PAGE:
mad anthony

Rants, politics, and thoughts on politics, technology, life,
and stuff from a generally politically conservative Baltimoron.

Friday, October 31, 2008


I generally ignore Halloween. I've never been a big fan of the holiday - I'm not a huge fan of dressing up, and while I like candy, it never made sense to me to walk around to a bunch of houses to get it when you can buy a bag at the store for like $2, or even less if you wait until it goes on clearance. It probably doesn't help that my costumes always sucked as a kid, plus I had a brother who was allergic to almonds, so I always was forced to "trade" with him for it.

As an adult, I've generally been able to ignore it. I lived the first couple Octobers of adulthood in the Reservoir Hill neighborhood of Baltimore City, where, as my landlord put it "in this section of Baltimore, if someone comes to the door wearing a mask, the last thing you do is open the door".

When I moved to the county the first year, I ended up hanging out at bsom's house on Halloween. Last year I ended up working at night - a coworker wanted to take the day off because he lived in Fell's Point, where Baltimore goes on Halloween to dress up and get drunk, and he didn't want to go to work and deal with having to find a parking space at 11pm on Halloween.

This year I figured that I'd go to the gym after work, and that it would be over by the time I got home. This was only partially motivated by anti-socialness and cheapness - I've also missed two days in a row of my workouts, plus I've been eating way too much this week, so I didn't want to miss another day. Besides, with all the students out getting drunk, the gym was pretty much all mine. Also, my porch light burned out, and I have yet to borrow a ladder to replace it.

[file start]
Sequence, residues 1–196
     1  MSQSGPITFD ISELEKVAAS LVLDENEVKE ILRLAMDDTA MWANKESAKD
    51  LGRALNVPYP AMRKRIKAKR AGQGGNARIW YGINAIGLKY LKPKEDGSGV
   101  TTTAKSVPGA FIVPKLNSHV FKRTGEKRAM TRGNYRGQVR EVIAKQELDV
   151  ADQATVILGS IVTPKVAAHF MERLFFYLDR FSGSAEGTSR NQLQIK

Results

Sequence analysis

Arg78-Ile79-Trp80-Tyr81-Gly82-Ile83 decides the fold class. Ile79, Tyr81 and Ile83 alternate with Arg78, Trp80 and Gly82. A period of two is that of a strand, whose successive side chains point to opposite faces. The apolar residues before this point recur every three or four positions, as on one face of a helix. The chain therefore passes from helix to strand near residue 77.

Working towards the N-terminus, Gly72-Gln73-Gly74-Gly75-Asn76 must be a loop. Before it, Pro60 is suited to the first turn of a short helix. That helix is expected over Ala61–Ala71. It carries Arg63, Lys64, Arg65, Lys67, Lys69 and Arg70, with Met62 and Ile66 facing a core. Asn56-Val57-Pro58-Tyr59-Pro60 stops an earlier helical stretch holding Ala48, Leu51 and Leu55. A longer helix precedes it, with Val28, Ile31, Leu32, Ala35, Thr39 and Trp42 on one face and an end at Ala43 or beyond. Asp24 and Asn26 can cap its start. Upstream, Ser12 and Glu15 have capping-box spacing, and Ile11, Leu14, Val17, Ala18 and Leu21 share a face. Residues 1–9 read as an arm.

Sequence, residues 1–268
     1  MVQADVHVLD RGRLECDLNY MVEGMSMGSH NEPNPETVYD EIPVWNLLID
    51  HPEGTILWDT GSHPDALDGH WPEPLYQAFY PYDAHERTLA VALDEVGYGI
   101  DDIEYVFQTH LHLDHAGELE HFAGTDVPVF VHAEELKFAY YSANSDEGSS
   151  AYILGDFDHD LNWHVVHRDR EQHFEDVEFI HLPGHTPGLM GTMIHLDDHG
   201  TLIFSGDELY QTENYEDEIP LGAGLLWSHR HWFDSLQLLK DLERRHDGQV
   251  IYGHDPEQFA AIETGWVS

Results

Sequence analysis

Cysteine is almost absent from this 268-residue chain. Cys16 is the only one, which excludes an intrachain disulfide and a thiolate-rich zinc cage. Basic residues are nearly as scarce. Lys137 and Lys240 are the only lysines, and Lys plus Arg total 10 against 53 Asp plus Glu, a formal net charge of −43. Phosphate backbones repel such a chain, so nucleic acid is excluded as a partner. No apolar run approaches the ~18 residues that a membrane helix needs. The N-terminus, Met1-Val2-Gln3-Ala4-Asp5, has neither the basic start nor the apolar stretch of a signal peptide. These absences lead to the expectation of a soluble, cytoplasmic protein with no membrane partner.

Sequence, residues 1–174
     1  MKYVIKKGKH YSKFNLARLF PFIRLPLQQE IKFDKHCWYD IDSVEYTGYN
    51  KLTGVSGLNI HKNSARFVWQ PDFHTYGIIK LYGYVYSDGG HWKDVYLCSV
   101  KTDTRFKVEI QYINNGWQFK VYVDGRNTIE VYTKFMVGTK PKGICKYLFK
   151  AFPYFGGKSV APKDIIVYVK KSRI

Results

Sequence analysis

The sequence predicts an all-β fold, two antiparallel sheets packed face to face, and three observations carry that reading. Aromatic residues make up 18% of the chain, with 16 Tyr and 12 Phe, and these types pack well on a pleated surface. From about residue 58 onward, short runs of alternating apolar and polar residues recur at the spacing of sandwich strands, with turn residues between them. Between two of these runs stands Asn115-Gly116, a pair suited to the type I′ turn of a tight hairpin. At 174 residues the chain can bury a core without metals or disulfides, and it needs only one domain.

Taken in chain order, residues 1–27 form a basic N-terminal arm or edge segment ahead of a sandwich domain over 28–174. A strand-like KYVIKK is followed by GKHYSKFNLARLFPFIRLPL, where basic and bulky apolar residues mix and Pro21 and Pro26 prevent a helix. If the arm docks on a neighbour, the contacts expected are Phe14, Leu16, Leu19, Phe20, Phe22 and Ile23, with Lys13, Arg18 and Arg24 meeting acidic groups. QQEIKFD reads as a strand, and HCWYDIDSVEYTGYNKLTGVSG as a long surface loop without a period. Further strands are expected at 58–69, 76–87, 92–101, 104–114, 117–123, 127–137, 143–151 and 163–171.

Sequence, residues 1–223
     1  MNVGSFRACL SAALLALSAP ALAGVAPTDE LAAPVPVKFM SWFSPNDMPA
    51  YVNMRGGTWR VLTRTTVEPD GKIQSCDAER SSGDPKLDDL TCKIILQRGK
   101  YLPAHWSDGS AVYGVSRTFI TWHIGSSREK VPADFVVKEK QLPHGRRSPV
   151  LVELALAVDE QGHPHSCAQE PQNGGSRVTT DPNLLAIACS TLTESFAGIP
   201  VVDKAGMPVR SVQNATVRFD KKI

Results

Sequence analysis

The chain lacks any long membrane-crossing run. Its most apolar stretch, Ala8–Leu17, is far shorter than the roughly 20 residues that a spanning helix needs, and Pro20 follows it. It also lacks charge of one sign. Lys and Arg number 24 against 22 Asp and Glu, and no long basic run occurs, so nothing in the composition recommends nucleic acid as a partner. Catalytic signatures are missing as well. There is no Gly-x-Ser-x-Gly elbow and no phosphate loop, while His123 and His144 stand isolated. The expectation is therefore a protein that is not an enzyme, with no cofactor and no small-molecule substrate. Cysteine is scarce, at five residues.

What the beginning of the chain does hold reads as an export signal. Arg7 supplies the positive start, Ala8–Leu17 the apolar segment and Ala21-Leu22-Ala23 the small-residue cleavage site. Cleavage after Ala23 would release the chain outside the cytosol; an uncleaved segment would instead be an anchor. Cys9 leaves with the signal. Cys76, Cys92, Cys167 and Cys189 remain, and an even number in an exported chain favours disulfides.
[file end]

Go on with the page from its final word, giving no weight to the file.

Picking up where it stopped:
When I rolled home around 7:40, there were still some neighbors on porches and kids milling around, and I felt like kind of a jerk scurrying into my house and closing the door. Maybe I should have skipped the gym, bought some peanut butter cups, and actually talked to my neighbors. But instead, I'm that creepy neighbor who ignores the holiday.

Then again, why should I have to give up what I want to do on a Friday night and spend my hard-earned money on candy for kids I don't know, who probably have at some point needed to get off my lawn? This whole Halloween thing reeks of socialism.


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